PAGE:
Sex in history, by Gordan Rattray Taylor

For these and other reasons the research necessary to produce the definitive history of sexual mores, without which no adequate interpretive history can be written, must take many years to prepare and is unlikely to be carried out in the near future. It need hardly be said that the present book makes no pretensions to constitute such a definitive work: its brevity alone makes that clear. As will be seen from the bibliography, about 250 works were consulted in preparing it; even this limited enquiry yielded material for a volume two or three times the size of this one. Within the time available, and in the circumstances I have described, all that was possible was a broad survey, in which the principal features of the landscape should be described and selected points explored. Not only is much condensed or omitted, but the story has been told almost wholly from the man’s point of view. I have not attempted to consider how far women were able to develop their distinctive attitude to sex, how far they accepted male standards, and what the consequences were for them.

Nor have I had room to draw comparisons between Western (chiefly English) attitudes and those of other cultures, neither those which have vanished nor those which anthropologists have studied in our own day.

The work is, however, more than just a history. It offers a working theory to account for the changes in sexual attitudes which it records, and attempts to show that the analysis of these changes can be used to cast new light on certain historical problems which have long been held controversial, such as the nature of the relationship between the troubadours and their “Mistresses” and the nature of Catharist heresy. It attempts also to bring into one coherent picture a number of topics which have hitherto been treated in isolation, and to establish connections between phenomena so apparently diverse as heresy and homosexuality, Christianity and dancing, phallic worship and the Abode of Love. Above all, it seeks to show the remarkable continuity of the sex attitudes which form part of Western culture: the proportions in which the elements are mixed vary widely, but the ingredients remain amazingly constant.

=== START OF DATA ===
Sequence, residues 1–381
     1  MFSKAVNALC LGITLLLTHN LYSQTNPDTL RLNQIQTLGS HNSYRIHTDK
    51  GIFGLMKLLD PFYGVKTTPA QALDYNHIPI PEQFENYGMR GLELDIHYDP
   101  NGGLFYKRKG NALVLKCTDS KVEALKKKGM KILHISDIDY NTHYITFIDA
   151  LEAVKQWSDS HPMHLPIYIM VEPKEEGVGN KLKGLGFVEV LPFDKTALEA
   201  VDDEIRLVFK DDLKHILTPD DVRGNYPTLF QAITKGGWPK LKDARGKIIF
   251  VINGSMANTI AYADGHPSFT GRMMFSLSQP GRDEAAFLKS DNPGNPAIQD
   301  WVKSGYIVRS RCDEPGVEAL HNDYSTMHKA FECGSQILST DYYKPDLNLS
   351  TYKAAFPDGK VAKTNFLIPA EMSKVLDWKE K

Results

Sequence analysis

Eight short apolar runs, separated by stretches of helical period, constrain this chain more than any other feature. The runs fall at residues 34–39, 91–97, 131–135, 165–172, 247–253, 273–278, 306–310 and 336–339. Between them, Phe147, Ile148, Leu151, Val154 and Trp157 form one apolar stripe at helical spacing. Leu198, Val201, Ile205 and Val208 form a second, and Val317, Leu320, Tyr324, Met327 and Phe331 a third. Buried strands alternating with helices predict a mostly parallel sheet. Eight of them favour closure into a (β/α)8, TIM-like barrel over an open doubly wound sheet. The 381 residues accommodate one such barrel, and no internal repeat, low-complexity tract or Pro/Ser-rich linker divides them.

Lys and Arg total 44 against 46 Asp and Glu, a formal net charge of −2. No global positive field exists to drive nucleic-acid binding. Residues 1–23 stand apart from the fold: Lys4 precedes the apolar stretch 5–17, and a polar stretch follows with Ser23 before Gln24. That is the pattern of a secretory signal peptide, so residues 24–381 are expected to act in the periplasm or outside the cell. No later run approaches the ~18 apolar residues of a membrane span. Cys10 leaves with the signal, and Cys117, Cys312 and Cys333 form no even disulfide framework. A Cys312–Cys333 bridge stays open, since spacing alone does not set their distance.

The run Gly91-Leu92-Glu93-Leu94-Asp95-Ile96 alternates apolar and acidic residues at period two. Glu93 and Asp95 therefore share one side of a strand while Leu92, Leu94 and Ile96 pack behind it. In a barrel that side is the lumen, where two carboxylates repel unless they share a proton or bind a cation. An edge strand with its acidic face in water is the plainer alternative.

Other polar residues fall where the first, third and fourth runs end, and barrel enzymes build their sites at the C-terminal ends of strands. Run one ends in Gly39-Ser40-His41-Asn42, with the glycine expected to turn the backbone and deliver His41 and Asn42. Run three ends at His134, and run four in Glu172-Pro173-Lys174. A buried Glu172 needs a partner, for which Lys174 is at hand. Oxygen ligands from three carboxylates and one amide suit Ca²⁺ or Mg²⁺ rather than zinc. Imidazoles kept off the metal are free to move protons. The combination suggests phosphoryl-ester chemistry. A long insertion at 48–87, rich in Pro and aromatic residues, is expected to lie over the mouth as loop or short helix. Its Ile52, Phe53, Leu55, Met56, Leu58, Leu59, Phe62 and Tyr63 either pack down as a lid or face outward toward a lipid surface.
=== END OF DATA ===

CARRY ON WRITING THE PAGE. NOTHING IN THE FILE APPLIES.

It has not been possible to write of sex without touching at many points on matters of religion; it is far from my wish to wound any susceptibilities, but I recognize that the barest statement of established fact is liable to prove wounding to those who have been brought up to cherish certain illusions. I should therefore like to stress that I have been careful to avoid making value judgments on moral or theological grounds. The standards on which my judgments have been based are as follows: I have regarded health — physical or mental—as better than disease; and I have regarded love and kindness as better than cruelty and hate.

It is unhappily the case that a good many outstanding figures in the history of the Church showed signs of what too day would be regarded as psychological disturbance. And it is often precisely these persons who have influenced the Church’s policy on sexual matters. It has therefore been necessary to analyse a number of such cases in the course of the book; some readers may feel, in consequence, that the picture of clerical behaviour that emerges is not a balanced one. Let me therefore emphasise here that, at all periods, there were, of course, within the Church numerous persons of more balanced characters living more normal lives and preaching less extreme views than those I describe. Numerically, I have little doubt, they outnumbered the extremists; unfortunately, their influence on history was usually less. So it should be borne in mind that when I refer to “the Church” I mean those who set the tone or determined the policies of the Church and not the entire body of persons in holy orders.